[From our good friends at the CHL.]
Research Assistant-Joseph Smith Papers Project
Type: Full-Time – Regular
USA – UT – Salt Lake City
- Posting Dates: 2/18/2014 – 3/14/2014
- Job Family: Library, Research&Preservation
- Department: Church History Department
The Church History Department announces an opening for a research assistant with the Joseph Smith Papers project. This will be a full-time position lasting one to two years, beginning in May 2014. Compensation competitive with other internships; benefits included. (more…)
In one of the most exciting days of the year for Mormon history geeks, the Mormon History Association posted a preliminary program for the 2014 conference (pdf), which will take place June 5-8 in San Antonio, Texas. I’ll let you read through it all and find whatever niche papers you are most excited about, but below you will find the plenary addresses along with the papers being delivered by your ol’ pals here at JI. (more…)
A sign that your book has truly “made it”: people purchase the text as an impulse buy between ordering their Starbucks and boarding their plane.
There are many different types of books on Mormon history: faith-promoting, exposé, amateur, academic, and popular, not to mention the many books that blur those boundaries. Here at JI, we usually focus on the academic variety, which usually implies those published by university presses, though we also often engage the many top-rate amateur books that make our field so lively and exhaustive. These are the type of books that are directed at the audience with which we are most familiar: either the small group of people especially interested in Mormon history in particular, or the broader academic community interested in religious history more generally.
But I’d like to spend a post, and hopefully a discussion, on the popular. (more…)
Last week I highlighted noteworthy books and articles in Mormon history from 2013. But today, I’m not here to talk about the past. Continuing a tradition from last year, this post highlights forthcoming scholarship slated to appear in 2014.
This is not a comprehensive overview; for that, we can only hope that Jared T. continues his prestigious and exhaustive series at his blog. (I will include a link to his post if/when it shows up.) These are merely those works that I’m personally excited for, which obviously reflects my own interests. I encourage you to share your own additions in the comments below. And just like any year, some of these volumes may slip out of 2014 and appear the following year; but at least they are nearing arrival. (more…)
So the ‘nacle is abuzz with discussion of past mistakes, historical distance, and leadership mistakes. But enough about the woeful judging at the “Beardliness is Next to Godliness” competition, which robbed our own Jordan W. as well as a few others who were more adventurous than the boring Heber J. Grant-style.
Beyond the always-crucial discussion of beards, I guess race was also an important talking point this week. (more…)
The last few years have been good for Mormon history.
This is the fifth annual installment of my “Retrospect” series here at JI, in which I offer an overview of scholarship in the field from the last twelve months. (For previous installments, see, in reverse chronological order, here, here, here, and here.) I always enjoy these posts, as it not only allows me to keep track of everything that has been done, but also see broader trends in the field. And to better accomplish that latter goal, I include articles from the last twelve months as well, since that gives a broader understanding of the current historiographical interests and movements.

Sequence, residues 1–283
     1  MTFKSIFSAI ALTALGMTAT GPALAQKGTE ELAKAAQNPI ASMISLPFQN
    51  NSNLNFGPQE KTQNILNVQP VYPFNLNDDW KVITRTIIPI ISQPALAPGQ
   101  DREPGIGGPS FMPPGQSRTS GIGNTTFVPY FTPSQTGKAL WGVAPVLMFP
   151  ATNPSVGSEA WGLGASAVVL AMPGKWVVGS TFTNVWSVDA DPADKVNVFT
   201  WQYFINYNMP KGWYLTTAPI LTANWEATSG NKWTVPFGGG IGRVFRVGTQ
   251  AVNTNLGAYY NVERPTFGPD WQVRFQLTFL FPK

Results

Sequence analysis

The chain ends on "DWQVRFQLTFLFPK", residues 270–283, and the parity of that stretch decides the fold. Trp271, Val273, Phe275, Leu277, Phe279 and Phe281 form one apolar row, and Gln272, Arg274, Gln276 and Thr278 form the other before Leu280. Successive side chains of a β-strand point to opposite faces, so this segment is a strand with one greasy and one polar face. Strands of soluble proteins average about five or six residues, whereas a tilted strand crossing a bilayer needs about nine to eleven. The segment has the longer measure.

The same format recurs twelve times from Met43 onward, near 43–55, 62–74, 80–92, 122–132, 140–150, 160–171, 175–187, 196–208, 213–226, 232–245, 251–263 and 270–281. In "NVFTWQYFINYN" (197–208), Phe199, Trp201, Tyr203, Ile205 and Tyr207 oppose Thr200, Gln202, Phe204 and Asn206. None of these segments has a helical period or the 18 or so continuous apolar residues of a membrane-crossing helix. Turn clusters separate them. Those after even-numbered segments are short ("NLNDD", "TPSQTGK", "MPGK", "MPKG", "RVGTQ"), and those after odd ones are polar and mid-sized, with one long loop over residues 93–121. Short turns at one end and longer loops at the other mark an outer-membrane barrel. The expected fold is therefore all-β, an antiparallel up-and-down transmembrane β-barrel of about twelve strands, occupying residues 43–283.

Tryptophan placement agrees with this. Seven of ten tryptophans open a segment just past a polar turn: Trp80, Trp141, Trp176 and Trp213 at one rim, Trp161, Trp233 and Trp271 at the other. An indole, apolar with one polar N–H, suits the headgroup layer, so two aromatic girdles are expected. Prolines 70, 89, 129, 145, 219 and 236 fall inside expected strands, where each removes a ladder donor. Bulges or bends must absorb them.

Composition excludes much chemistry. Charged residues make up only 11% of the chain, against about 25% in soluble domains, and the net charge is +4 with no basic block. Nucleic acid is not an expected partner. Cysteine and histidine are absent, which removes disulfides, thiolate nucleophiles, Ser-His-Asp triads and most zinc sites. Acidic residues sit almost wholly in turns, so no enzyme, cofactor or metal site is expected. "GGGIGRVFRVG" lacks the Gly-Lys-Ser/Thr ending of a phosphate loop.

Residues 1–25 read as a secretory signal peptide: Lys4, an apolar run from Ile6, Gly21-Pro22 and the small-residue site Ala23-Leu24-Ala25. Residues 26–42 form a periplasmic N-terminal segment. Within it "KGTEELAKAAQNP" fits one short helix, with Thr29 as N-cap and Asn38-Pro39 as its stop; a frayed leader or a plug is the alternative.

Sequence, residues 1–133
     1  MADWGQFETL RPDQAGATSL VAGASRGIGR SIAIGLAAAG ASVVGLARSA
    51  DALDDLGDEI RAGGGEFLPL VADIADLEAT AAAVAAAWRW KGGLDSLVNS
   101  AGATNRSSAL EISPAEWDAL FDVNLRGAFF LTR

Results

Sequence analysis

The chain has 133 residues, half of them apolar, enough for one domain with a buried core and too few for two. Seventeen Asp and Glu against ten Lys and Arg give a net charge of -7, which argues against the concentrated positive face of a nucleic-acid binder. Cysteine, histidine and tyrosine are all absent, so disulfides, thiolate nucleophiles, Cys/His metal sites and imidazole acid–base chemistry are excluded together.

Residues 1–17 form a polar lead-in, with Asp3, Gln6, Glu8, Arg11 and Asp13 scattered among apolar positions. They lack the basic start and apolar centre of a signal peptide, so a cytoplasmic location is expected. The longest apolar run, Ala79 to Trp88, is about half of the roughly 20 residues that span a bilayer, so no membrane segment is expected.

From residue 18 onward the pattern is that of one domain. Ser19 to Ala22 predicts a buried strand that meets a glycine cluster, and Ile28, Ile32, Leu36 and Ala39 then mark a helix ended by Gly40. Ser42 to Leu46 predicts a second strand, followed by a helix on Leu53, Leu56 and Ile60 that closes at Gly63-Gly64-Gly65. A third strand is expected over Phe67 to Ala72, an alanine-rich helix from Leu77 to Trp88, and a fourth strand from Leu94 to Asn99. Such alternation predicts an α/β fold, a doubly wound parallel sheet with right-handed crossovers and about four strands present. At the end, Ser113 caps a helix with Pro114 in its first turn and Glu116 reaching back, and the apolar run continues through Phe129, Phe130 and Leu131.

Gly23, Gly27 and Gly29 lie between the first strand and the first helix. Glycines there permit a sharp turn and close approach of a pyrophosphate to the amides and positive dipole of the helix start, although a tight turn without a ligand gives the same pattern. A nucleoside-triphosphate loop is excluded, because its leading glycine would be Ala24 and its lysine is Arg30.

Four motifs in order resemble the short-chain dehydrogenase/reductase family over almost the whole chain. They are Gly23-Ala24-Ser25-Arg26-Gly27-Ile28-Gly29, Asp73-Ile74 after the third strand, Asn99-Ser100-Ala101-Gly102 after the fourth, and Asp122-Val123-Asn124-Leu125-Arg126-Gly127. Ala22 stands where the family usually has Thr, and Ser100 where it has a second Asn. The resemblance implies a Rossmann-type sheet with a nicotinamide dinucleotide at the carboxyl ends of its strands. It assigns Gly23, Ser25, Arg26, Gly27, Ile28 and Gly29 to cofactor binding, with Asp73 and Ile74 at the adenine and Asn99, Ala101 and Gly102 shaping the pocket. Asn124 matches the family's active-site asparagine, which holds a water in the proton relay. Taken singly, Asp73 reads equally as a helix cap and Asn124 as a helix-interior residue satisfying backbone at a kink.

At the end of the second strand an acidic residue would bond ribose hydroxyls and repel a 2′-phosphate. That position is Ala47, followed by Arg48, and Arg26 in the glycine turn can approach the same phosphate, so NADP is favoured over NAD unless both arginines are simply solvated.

As always, while I aim to be broad and liberal in scope, I am still human with my own interests and biases. Thus, it is very likely I overlooked some important books and articles, so it is your job to fill in my gaps in the comments. And just like last year, at the end of the post I will offer my own picks for MHA’s awards, and encourage you to do the same.
Also, remember that you can find the best and most in-depth tracing of Mormon studies at the recently launched Mormon Studies Review! (more…)
(Cross-posted at By Common Consent. Also, the first three paragraphs should be read in the voice of Billy Mays, and taken in the spirit of the “Tribute to Doin’ It Wrong” video. The pdf of the inaugural Mormon Studies Review‘s Table of Contents can be downloaded here.)
Do you suffer too many sleepless nights, wondering if Mormonism can add anything to the study of ethics?
Struggling to keep up with developments in the seemingly always-nascent (sub)field of Mormon studies? Do you ever walk through the book aisle and think, “holy fetch, when did that book come out?” Have you ever found yourself wondering, “what the heck is Mormon studies, anyway?” Or, does a sleepless night rarely go buy without you asking, “well, how does the study of Mormonism illuminate the translocative elements of religious studies?” Well, you are not alone! (more…)
(Cross-posted at By Common Consent.)
Did you hear? Mormon studies is so hot right now. This semester witnessed the start of the Richard Lyman Bushman Chair in Mormon Studies at the University of Virginia (held by Kathleen Flake), next month will see the innaugural issue of the newly re-launched Mormon Studies Review (be very, very excited), and several new and exciting books are about to hit the shelves. And all this on top of the other Mormon studies programs that have been launched and the flood of excellent books that have been published in the last few years.